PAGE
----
Some People Really Need to Look Into NAC

Over the weekend I was talking to someone who has a mandatory requirement at work to have their computer inspected by the helpdesk every 60 days. If the computer is not inspected the computer is not allowed onto the network.
I’ve heard of such requirements for remote users. Remote users who don’t connect to the company using a VPN are tough to check up on. Requiring a periodic check-in could be a good idea for those users. However, physically checking computers that are manageable devices on your internal company network seems like a waste of time to me. If this story is accurate, I’d like to introduce them to NAC.
I know what you’re saying. First they are using a form of NAC if they can keep unapproved people off the network, and force them to go to the helpdesk to reauthorize themselves every 90 days. Second, some people think of NAC like they think of PKI. It just hasn’t taken off yet and some people think it is one of the more useless “useful technologies.”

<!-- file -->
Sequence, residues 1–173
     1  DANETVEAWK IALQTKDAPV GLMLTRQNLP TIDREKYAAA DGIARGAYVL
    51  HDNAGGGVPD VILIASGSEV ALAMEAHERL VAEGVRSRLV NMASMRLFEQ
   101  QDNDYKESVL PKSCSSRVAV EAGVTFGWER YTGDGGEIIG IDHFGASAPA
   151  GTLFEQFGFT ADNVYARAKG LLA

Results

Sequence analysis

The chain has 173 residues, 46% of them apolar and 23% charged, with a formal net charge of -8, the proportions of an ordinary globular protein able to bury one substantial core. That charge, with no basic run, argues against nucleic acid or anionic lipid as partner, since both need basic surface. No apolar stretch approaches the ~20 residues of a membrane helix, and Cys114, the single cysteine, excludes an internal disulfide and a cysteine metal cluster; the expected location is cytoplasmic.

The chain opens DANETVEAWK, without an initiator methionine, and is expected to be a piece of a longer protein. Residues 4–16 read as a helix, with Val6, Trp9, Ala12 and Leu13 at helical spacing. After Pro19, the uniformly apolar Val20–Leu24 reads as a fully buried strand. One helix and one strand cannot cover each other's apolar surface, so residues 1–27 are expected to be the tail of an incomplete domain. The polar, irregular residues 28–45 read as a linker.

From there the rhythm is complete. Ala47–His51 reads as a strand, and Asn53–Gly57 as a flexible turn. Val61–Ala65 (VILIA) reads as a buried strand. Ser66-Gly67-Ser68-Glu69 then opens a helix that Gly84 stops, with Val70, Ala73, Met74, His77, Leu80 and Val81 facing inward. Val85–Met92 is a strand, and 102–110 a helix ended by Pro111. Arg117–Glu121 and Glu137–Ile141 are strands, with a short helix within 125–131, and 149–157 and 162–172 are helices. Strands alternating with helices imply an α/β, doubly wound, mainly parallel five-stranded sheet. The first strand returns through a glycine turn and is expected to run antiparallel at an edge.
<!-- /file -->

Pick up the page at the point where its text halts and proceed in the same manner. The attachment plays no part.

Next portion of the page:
NAC is actually useful for quite a bit more than keeping people off the network. If you manually check computers every 60 days, a computer that has broken patching mechanisms or is infected will not be detected for an average of 30 days. NAC would be able to detect this as the computer is connected to the network and on an ongoing recheck schedule. Even if you don’t want to send the user to a remediation page you could alert the helpdesk. Better to be fixing known problems immediately than inconveniencing everyone else every 60 days.
If you do have a NAC project, I’d suggest checking out Forescout. I have been happy with our selection. When we looked at other vendors it wasn’t even close in my opinion. Don’t feel like you have to buy NAC from your network switch vendor or your desktop antivirus vendor.